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Labor Market Could Be Back to Normal in 2018, CBO Predicts
 

By Joseph Coombs  3/6/2014
 
“What, four more years of this?”

That’s often the disgruntled voter’s refrain in a presidential re-election year. But it also fits quite well with a new finding of the nonpartisan Congressional Budget Office (CBO), which says the U.S. unemployment and labor force participation rates should be “back to their average values,” or similar to levels experienced in previous economic recoveries, in 2018.

The CBO report The Slow Recovery of the Labor Market, released Feb. 4, 2014, examines the labor market’s woes from December 2007 to December 2013. The pace and nature of the economic recovery have been “difficult to predict,” the report notes, but the agency estimates that the nation’s unemployment rate will fall to 5.8 percent by the end of 2017 and to 5.5 percent in 2024.

No word, however, on when, or if, the unemployment rate will drop to 4.8 percent—the level at the onset of the Great Recession in December 2007.

According to the CBO, the country’s unemployment problem is largely due to weak demand for goods and services and, to a smaller degree, the result of structural factors.

“An exceptionally large number of people have been unemployed for long periods, and the stigma attached to their long-term unemployment, along with a possible erosion of their job skills, has made it difficult for them to find work,” the CBO reports.

Short of making the economy speed up to create more demand for jobs, it can be argued that addressing the structural/skills gap side of things could be a faster solution to getting more people back to work. And data from a new survey by the Society for Human Resource Management (SHRM) show that many employers would welcome that scenario.

Early results of the SHRM survey, to be released this spring, reveal that companies continue to struggle to find properly skilled candidates for their open positions. Nearly half of the responding 3,000-plus HR professionals reported that their company has new vacancies that require skills that are new to the position or to the organization. Respondents represented a variety of publicly owned for-profit, privately owned for-profit, nonprofit and government entities.

Two-thirds of those surveyed reported some difficulty in finding qualified individuals for new jobs. The problems cited most frequently were:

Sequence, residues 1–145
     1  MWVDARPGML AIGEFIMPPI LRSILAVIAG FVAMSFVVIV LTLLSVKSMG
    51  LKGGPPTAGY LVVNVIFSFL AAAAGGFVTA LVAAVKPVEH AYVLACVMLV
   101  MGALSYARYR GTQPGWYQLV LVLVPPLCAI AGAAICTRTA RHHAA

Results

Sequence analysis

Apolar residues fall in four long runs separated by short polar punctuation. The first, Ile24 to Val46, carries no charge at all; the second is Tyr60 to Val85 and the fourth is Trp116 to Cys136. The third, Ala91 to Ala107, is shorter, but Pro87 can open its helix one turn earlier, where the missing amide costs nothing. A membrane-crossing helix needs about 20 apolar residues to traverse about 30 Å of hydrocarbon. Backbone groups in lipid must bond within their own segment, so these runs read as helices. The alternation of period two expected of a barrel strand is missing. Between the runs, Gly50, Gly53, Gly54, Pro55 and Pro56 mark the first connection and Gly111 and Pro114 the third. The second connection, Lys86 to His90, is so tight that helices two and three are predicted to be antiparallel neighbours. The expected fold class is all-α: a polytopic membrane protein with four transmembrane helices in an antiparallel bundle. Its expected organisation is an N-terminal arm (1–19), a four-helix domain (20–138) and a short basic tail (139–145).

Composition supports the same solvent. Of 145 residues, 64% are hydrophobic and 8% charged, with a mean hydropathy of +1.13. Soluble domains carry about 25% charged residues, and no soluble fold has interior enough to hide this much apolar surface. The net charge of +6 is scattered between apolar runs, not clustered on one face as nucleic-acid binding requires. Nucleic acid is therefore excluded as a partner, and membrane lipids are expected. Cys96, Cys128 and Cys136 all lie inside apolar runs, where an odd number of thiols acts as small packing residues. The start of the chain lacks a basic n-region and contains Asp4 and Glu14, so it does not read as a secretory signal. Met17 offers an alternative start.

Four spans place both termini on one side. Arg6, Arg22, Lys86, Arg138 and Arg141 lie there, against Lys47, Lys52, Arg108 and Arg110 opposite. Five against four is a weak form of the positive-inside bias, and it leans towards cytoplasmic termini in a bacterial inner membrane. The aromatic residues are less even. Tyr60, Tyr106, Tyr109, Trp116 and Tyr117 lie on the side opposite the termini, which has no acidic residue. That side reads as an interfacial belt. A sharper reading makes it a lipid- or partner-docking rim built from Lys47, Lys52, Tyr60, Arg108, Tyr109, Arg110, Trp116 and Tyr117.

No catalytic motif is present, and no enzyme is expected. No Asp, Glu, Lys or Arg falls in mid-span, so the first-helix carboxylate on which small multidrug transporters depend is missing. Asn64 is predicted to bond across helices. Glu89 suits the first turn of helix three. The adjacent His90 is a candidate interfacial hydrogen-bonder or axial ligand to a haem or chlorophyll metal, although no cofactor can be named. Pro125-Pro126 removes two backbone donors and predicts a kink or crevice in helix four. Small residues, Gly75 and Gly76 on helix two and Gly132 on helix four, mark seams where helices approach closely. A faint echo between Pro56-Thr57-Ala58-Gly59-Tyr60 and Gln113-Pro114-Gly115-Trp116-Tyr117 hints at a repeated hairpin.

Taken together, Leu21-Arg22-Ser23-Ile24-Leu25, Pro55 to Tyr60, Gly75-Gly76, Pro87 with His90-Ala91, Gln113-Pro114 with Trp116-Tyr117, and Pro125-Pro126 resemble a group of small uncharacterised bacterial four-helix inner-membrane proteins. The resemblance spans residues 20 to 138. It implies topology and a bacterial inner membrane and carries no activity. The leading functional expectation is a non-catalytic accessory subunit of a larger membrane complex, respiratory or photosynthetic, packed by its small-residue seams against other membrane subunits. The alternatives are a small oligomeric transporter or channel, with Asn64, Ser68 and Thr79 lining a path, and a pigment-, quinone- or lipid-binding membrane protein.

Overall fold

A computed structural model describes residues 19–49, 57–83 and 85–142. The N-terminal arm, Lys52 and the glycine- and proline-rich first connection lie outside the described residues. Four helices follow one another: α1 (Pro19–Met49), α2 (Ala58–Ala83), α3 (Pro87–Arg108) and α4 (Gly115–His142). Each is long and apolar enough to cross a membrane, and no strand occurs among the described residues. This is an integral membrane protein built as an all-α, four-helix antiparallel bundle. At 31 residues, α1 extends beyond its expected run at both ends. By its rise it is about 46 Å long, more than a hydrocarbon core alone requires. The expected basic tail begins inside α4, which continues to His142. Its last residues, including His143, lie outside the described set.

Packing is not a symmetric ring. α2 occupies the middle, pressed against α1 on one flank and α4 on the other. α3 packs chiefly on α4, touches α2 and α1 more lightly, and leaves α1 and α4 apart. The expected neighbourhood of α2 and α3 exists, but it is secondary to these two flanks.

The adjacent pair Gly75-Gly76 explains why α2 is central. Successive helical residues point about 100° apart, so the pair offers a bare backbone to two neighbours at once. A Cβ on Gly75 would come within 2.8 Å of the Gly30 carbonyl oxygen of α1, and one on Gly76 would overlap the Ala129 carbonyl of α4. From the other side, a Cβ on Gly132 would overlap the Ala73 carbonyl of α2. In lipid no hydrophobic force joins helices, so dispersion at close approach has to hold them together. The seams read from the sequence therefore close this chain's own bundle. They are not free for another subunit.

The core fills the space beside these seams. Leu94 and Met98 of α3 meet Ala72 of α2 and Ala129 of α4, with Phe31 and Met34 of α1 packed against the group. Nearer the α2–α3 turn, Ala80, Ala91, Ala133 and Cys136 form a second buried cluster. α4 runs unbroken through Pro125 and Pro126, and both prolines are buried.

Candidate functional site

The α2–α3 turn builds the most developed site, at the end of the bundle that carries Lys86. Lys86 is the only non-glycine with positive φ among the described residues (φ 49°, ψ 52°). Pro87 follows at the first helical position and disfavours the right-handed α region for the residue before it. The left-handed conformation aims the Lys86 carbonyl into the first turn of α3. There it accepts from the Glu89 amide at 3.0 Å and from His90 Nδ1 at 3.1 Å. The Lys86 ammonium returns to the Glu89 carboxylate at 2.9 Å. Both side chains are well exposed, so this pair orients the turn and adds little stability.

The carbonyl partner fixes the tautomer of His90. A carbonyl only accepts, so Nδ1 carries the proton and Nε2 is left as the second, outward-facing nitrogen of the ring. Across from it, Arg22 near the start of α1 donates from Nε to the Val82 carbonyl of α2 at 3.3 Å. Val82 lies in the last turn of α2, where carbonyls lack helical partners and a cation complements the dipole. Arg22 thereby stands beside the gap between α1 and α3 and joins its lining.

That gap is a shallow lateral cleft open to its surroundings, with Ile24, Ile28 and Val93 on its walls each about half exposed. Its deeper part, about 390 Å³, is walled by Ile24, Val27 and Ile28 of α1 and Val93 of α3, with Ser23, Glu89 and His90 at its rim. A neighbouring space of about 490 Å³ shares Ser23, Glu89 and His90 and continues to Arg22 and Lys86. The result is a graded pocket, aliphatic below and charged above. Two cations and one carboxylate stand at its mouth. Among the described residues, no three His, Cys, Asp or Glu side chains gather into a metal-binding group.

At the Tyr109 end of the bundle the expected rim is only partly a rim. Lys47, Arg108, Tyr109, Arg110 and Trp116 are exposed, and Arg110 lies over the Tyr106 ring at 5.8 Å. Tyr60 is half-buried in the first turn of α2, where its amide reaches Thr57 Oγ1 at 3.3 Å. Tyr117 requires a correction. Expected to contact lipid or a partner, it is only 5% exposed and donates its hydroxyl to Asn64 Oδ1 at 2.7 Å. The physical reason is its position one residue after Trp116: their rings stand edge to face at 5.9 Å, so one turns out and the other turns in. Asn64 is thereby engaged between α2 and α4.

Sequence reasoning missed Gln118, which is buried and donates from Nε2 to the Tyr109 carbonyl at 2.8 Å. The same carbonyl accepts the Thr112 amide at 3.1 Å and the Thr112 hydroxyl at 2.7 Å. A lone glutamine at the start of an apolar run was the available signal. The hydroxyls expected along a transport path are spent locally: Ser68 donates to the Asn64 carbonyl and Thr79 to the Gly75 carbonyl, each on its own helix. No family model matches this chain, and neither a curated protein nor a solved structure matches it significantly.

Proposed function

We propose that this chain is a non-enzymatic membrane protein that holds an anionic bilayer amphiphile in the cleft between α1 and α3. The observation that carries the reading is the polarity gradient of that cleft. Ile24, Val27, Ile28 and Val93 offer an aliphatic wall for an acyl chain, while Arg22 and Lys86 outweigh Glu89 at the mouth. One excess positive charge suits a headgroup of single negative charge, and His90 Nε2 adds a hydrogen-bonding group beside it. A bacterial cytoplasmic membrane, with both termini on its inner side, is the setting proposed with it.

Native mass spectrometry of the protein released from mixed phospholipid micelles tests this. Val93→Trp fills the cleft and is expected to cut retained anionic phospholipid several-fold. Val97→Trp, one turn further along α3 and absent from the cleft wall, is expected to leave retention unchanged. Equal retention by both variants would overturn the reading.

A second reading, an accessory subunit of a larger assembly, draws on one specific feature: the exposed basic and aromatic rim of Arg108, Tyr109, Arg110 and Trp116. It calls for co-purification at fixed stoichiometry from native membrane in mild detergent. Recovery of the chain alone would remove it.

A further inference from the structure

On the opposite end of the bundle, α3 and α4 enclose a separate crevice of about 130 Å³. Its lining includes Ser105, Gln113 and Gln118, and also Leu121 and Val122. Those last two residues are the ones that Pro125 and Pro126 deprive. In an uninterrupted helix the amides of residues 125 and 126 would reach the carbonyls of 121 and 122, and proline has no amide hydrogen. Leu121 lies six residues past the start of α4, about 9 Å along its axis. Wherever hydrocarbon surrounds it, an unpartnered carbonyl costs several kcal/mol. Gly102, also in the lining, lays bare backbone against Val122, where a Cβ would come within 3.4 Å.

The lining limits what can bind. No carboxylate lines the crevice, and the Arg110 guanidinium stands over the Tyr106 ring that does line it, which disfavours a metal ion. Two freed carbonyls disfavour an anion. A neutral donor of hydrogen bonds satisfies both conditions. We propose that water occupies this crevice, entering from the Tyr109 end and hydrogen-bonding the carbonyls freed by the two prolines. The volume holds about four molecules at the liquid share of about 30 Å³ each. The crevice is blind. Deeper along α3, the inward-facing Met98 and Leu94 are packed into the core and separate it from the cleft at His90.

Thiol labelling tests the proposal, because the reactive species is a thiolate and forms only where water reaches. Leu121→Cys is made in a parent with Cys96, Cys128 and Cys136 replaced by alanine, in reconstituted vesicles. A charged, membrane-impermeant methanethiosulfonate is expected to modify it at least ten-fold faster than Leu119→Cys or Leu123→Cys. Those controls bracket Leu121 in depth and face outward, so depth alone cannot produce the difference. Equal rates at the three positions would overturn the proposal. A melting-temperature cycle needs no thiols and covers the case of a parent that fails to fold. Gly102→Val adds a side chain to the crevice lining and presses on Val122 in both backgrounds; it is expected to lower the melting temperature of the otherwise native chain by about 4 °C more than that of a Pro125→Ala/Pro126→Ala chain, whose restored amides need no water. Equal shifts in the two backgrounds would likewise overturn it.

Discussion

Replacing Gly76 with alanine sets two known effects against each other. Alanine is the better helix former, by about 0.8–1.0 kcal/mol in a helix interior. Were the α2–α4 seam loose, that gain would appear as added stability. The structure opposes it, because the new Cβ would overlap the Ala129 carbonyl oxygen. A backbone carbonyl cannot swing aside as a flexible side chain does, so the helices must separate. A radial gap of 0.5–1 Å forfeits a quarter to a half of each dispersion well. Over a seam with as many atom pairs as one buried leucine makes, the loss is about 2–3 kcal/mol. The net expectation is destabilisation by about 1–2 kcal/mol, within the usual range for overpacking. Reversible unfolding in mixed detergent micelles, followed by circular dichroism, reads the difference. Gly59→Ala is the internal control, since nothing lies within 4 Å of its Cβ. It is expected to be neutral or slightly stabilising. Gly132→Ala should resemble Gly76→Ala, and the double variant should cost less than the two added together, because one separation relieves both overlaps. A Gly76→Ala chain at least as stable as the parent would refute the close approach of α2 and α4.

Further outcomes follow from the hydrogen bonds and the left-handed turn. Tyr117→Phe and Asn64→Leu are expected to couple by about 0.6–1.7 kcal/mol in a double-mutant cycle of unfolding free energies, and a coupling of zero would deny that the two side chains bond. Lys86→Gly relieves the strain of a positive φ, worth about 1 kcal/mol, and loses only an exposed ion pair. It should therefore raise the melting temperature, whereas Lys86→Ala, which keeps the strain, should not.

• “Candidates do not have the right technical skills.”
  • “Candidates do not have the needed work experience.”
  • “Competition from other employers.”

When asked in what areas applicants are coming up short, respondents most often pointed to deficiencies in the following:

  • Basic computer skills.
  • English-language fluency (both oral and written).
  • Critical thinking/problem-solving.
  • Professionalism and work ethic.

Another factor had nothing to do with skill sets: More than one-third of respondents said qualified applicants rejected their organization’s compensation package. This result could spur new debate about whether employers are offering too little money or whether too many job seekers are holding out for a perfect gig.

There may be a little truth to both, according to one HR consultant.

“Companies are still trying to do more with less and not spend the money and make long-term employment commitments,” said Tom Darrow, SPHR, founder and principal of Career Spa LLC, a Smyrna, Ga.-based consulting firm that assists the unemployed and the underemployed. “Many companies are relying more and more on contractors, so they can get ‘talent on demand’ and get rid of it on demand, too.”

Still, some job seekers should learn to settle in order to land a bigger prize down the road, he advised.

“Very few are getting their dream job these days,” Darrow said, “but at least one can identify what one looks like and then seek to get a ‘bridge job’ that gets them closer to that dream job.”

So while the country waits for the much-anticipated return to normal for its labor market—be it in 2018 or beyond—the onus is truly on the job seeker to make things work, Darrow concluded.

“For too long, workers looked to their company for stability. One positive of [the Great Recession] is that it’s clearly putting career management back in the hands of the worker. Each person needs to work to optimize their skills, network and reputation to intentionally manage their career, instead of just hoping that things will work out.”

Joseph Coombs is a senior analyst for workforce trends at SHRM.

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